Austin Blues Guitarist Sue Foley Talks New Album, 'The Ice Queen' - Guitar World

Austin Blues Guitarist Sue Foley Talks New Album, 'The Ice Queen'

Since she left her native Vancouver at age 21, Foley has spent the majority of her time immersed in the Austin blues scene.
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Sue Foley's new album, 'The Ice Queen,' was released March 2.

Sue Foley's new album, 'The Ice Queen,' was released March 2.

Sue Foley named her 11th studio recording The Ice Queen, but the Texas blues guitarist insists that the title in no way references her personality. “No, not at all. I think I’m a nice person,” she says with a laugh. “The title is a celebration of my Canadian heritage—I come from the north, where it’s cold all the time. But it’s also about my love of Albert Collins. He was the ‘Ice Man’ with the Telecaster, and he was a huge influence on me. I base a lot of my guitar style on what he did.”

Since she left her native Vancouver at age 21, Foley has spent the majority of her time immersed in the Austin blues scene. She cut her teeth on the stage of the famous Antone’s nightclub while studying and befriending some of the town’s legendary guitarists, two of whom, Jimmie Vaughan and Charlie Sexton, turn up as guests on The Ice Queen.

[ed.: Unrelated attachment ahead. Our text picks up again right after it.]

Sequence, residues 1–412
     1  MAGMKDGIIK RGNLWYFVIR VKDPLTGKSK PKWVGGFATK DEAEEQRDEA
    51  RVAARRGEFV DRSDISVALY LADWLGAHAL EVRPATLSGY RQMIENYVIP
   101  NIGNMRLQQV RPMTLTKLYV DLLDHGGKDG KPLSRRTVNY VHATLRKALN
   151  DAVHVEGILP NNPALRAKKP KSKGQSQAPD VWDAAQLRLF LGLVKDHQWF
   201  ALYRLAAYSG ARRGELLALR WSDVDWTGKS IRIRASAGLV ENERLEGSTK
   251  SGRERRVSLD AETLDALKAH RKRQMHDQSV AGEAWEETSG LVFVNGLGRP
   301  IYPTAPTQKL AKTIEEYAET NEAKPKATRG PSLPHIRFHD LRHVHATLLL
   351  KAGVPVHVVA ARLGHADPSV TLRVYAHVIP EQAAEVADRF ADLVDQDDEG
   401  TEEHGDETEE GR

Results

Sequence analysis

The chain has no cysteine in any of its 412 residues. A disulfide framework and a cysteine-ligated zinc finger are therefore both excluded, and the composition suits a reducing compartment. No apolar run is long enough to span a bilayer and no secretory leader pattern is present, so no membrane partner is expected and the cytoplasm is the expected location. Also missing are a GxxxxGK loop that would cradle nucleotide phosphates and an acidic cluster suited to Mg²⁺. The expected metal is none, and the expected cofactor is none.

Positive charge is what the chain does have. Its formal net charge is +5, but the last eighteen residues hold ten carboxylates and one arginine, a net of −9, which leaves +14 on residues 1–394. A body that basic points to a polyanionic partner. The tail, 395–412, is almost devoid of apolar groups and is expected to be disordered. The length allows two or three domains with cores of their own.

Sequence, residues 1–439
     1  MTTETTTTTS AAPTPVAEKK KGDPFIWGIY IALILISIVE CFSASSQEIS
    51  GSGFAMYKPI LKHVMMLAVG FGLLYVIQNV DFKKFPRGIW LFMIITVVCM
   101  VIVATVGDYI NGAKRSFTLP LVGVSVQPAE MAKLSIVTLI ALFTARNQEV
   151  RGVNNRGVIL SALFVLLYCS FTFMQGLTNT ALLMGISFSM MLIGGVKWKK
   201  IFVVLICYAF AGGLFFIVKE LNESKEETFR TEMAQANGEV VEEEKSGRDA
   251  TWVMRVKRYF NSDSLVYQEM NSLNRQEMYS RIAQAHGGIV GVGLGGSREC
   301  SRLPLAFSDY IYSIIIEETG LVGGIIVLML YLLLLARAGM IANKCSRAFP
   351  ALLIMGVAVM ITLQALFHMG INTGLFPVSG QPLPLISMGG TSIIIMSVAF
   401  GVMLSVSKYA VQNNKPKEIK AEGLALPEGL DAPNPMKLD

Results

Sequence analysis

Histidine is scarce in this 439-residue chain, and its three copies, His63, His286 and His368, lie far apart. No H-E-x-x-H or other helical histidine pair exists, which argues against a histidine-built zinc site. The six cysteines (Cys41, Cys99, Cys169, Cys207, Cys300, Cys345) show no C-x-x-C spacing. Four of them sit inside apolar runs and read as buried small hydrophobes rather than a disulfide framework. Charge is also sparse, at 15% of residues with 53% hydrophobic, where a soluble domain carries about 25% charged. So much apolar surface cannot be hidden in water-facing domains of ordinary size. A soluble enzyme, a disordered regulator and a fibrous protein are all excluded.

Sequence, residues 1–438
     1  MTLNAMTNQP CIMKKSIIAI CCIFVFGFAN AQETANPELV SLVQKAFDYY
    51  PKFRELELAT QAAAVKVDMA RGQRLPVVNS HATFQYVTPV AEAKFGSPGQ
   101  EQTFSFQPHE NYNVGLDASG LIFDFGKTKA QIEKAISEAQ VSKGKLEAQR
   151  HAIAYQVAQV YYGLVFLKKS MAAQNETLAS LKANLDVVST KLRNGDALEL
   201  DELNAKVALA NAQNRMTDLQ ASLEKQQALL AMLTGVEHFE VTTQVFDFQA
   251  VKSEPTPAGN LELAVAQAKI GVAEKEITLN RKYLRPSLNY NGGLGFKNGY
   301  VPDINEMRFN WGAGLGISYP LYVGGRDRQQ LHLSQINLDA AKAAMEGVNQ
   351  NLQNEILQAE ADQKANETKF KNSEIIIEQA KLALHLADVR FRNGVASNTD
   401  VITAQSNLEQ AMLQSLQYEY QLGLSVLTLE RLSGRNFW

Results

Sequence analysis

Sexton powers up a mean slide guitar performance on the sexy blues grinder “Come to Me,” while Vaughan turns up on a pair of cuts, trading vocal and guitar lines with Foley on the sassy shuffle “The Lucky Ones,” and firing off emotive and elegant leads on the soulful torch ballad “If I Have Forsaken You.” “There’s no way I would give those guys direction,” Foley notes. “You ask people to play with you because you want what they do, not what you tell them to.”

The pink paisley Telecaster-totin’ Foley is no slouch herself on the guitar. ZZ Top’s Billy Gibbons is such a fan of her tasteful, minimalist manner of playing that when he came to the studio to guest on the low-down, Jimmy Reed–style blues number “Fools Gold,” he insisted that Foley take the solo. “I would have let him do a guitar solo if he wanted,” Foley says, “but he was content with hittin’ the rhythm and playing harmonica. It’s funny, though, he plays harp just like he plays guitar. You hear that sound and you just know, ‘Yep, that’s gotta be Billy Gibbons.’ ”

AXOLOGY

GUITARS 1987 stock Fender Telecaster, 1995 Epiphone Sorrento, Francisco Navarro Garcia nylon-strong Concert Classical
AMP Fender Bassman ’59 Reissue
EFFECTS Electro-Harmonix Holy Grail reverb, Xotic EP Boost